Stop putting salt on the cat, please! and things a mom says…Posted: October 4, 2012
Day 4 – Salt Tables
So we are on DAY 4 of our
…31 Days of READiNG Rewards!
Please click on the button on the sidebar for ease in checking out the past posts for this topic! And don’t forget to read through to the bottom to see the little video.
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Today’s post is about seasonings. Okay, maybe not really. But they DO involve some kitchen items.
This is a post for helping learning-to-read readers, by the way.
Start with an 8×8 baking pan. If you don’t have one, a box lid or even a 9×13 baking pan will do. The larger size is kind of big for this, and you’ll see why in a moment, but it DOES work. And you will want the sides, though in my photo and video below I am NOT using a pan with sides. This isn’t recommended for kids, because you will have a mess, lol.
And get out the salt (sorry, I don’t have salt in a name-brand container. I had SO much salt I had to put it into jars. Those little canisters have a habit of falling out of the pantry in my house, and I end up with salt all over the floors.
Pour the salt into the pan. Gently shake the pan (leaving it on the table) from side to side in order to smooth out the salt. And using your finger, carefully draw a letter in the salt. It is also beneficial to write a letter on a 3×5 card (or small cut of paper) and have your child mimic the shape. Don’t give him or her more than a few shapes (letters!) at a time, though. You don’t want to overwhelm them. For older kids you could mark on the 3×5 card the directional arrows for the proper form of a letter (Do you remember handwriting in school? There is no longer an old fashioned cursive lesson, but there IS a format for printing letters).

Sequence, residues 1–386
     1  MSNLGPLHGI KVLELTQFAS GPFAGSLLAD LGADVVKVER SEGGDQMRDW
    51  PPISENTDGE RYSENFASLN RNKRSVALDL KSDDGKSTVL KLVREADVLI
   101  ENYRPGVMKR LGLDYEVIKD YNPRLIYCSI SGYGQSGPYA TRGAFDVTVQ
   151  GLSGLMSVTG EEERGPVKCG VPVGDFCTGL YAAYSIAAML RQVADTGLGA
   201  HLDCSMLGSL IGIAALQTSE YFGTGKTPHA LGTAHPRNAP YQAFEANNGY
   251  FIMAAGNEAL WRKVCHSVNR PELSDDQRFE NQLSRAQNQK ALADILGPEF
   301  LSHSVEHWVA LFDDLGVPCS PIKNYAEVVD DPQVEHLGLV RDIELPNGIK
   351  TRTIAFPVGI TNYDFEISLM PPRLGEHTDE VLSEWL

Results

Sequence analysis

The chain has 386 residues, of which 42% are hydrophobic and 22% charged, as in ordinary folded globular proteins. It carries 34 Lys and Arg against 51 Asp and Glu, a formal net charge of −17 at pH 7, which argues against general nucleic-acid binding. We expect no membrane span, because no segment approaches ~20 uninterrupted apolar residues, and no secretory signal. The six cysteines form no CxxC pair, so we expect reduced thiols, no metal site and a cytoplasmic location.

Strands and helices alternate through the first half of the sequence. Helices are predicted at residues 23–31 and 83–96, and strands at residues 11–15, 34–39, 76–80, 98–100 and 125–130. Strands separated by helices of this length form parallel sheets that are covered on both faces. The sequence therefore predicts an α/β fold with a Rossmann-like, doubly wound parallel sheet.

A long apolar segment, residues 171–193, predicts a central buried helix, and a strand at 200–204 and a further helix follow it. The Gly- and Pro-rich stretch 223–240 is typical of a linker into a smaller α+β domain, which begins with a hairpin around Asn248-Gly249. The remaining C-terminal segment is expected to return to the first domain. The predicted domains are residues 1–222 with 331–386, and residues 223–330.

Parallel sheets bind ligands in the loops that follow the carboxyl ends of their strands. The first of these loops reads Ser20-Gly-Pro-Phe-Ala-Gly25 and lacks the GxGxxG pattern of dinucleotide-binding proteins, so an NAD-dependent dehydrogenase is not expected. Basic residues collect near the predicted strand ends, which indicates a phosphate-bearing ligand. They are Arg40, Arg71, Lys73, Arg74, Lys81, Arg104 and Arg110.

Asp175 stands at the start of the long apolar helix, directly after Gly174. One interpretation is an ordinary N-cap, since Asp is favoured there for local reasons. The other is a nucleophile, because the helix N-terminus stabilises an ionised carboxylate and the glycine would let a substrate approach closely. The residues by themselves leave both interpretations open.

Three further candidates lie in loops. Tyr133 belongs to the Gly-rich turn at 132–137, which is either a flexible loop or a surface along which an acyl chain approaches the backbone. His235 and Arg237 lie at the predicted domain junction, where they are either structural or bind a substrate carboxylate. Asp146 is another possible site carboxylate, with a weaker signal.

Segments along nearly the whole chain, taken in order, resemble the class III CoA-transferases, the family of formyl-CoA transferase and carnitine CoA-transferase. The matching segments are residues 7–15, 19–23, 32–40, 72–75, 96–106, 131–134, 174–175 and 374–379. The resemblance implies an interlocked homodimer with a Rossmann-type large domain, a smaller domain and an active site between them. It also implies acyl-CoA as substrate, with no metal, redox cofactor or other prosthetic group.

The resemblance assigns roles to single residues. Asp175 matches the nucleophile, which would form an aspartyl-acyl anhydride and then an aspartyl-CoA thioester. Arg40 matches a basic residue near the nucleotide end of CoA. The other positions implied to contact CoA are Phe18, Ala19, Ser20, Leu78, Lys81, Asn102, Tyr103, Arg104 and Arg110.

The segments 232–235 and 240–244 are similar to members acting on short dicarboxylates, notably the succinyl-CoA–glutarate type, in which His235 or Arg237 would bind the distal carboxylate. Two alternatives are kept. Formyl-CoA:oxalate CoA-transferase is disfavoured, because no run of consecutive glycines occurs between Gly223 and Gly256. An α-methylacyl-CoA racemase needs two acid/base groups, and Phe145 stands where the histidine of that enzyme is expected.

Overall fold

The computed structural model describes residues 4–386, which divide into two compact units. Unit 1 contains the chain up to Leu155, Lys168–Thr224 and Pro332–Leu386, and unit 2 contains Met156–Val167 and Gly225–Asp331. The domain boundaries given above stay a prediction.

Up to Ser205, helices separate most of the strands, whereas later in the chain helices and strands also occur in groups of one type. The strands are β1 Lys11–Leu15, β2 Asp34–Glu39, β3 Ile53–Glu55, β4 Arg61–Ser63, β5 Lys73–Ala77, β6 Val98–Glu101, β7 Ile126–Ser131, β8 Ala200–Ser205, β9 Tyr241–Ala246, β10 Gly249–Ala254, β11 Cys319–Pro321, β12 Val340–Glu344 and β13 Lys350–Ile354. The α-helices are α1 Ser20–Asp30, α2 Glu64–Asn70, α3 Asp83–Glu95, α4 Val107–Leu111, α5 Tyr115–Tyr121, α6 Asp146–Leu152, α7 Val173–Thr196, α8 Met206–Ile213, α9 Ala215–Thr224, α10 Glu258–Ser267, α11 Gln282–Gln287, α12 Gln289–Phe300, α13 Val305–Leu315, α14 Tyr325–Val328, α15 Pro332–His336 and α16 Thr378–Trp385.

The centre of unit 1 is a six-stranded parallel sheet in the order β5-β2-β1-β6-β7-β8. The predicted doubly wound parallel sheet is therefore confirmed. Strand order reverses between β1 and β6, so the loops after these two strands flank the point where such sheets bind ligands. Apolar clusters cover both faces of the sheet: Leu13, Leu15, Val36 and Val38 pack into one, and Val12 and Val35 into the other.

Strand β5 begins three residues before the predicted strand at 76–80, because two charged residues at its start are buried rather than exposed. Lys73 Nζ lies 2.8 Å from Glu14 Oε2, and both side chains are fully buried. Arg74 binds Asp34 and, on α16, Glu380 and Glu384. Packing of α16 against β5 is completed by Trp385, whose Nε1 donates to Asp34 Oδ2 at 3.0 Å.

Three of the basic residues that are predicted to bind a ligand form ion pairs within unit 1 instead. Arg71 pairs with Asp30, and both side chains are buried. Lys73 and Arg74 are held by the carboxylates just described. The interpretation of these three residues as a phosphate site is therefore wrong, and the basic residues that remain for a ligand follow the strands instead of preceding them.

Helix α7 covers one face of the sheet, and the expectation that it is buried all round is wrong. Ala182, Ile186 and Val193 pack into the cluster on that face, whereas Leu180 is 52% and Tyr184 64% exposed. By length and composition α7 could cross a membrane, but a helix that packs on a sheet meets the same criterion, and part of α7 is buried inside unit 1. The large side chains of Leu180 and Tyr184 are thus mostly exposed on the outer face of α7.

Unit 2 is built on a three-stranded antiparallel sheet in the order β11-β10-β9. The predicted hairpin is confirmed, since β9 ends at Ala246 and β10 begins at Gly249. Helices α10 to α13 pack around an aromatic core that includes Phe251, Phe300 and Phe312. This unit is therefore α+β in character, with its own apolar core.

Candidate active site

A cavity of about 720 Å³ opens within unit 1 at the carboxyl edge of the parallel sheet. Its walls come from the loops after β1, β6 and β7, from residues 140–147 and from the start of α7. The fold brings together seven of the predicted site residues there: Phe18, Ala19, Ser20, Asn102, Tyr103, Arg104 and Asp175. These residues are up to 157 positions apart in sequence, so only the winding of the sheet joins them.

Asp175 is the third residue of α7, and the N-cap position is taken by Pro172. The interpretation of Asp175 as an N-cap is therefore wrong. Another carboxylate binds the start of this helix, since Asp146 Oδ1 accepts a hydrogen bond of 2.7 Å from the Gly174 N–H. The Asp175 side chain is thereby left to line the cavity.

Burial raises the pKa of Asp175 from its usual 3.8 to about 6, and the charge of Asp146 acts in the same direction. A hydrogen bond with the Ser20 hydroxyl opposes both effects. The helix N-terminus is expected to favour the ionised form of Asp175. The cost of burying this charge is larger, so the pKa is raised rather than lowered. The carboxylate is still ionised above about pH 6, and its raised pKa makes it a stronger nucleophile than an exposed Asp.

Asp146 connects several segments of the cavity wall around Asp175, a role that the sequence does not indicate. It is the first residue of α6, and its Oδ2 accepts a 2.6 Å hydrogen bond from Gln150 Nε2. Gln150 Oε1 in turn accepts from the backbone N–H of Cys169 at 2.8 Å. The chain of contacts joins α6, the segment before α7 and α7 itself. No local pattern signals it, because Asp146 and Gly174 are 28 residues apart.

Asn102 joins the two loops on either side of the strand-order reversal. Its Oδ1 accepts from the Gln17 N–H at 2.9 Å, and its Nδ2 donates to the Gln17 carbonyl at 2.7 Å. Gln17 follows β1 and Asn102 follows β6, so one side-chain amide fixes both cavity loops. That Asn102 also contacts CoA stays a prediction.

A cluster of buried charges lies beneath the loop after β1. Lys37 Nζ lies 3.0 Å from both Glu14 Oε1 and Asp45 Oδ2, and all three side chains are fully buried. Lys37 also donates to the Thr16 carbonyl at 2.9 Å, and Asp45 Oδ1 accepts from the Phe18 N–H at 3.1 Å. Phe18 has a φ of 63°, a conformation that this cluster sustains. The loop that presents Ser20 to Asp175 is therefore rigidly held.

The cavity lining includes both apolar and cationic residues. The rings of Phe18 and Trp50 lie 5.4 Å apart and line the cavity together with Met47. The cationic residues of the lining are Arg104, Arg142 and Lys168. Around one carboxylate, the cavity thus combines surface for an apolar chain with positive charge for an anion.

This tactile experience will benefit all preschoolers and elementary students, including those who are not typically tactile learners. In addition to the letter recognition practice, cognitive growth, and induction skills (some students don’t think in terms of deduction and tactile learning is a huge plus for them), it helps the child gain physical self-control, fine motor skills, and learn they can focus and have control of their experience.
While salt is the least expensive, you could try sand or a gushy flour and water mixture or whatever your imagination (and patience) desire!